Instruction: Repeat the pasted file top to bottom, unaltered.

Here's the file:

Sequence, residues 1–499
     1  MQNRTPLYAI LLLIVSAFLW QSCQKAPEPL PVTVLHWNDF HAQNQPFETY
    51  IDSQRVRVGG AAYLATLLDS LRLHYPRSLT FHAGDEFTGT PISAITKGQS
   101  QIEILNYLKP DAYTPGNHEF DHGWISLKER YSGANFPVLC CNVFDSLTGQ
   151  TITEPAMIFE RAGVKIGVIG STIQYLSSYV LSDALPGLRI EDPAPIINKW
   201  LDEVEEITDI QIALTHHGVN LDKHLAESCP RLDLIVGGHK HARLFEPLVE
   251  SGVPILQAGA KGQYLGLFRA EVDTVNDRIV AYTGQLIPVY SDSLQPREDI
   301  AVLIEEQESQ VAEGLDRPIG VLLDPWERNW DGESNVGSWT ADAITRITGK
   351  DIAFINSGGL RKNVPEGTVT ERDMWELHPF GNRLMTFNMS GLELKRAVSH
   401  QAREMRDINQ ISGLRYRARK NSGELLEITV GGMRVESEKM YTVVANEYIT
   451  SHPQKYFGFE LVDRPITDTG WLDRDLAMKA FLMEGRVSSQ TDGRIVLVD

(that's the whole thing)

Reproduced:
Sequence, residues 1–499
     1  MQNRTPLYAI LLLIVSAFLW QSCQKAPEPL PVTVLHWNDF HAQNQPFETY
    51  IDSQRVRVGG AAYLATLLDS LRLHYPRSLT FHAGDEFTGT PISAITKGQS
   101  QIEILNYLKP DAYTPGNHEF DHGWISLKER YSGANFPVLC CNVFDSLTGQ
   151  TITEPAMIFE RAGVKIGVIG STIQYLSSYV LSDALPGLRI EDPAPIINKW
   201  LDEVEEITDI QIALTHHGVN LDKHLAESCP RLDLIVGGHK HARLFEPLVE
   251  SGVPILQAGA KGQYLGLFRA EVDTVNDRIV AYTGQLIPVY SDSLQPREDI
   301  AVLIEEQESQ VAEGLDRPIG VLLDPWERNW DGESNVGSWT ADAITRITGK
   351  DIAFINSGGL RKNVPEGTVT ERDMWELHPF GNRLMTFNMS GLELKRAVSH
   401  QAREMRDINQ ISGLRYRARK NSGELLEITV GGMRVESEKM YTVVANEYIT
   451  SHPQKYFGFE LVDRPITDTG WLDRDLAMKA FLMEGRVSSQ TDGRIVLVD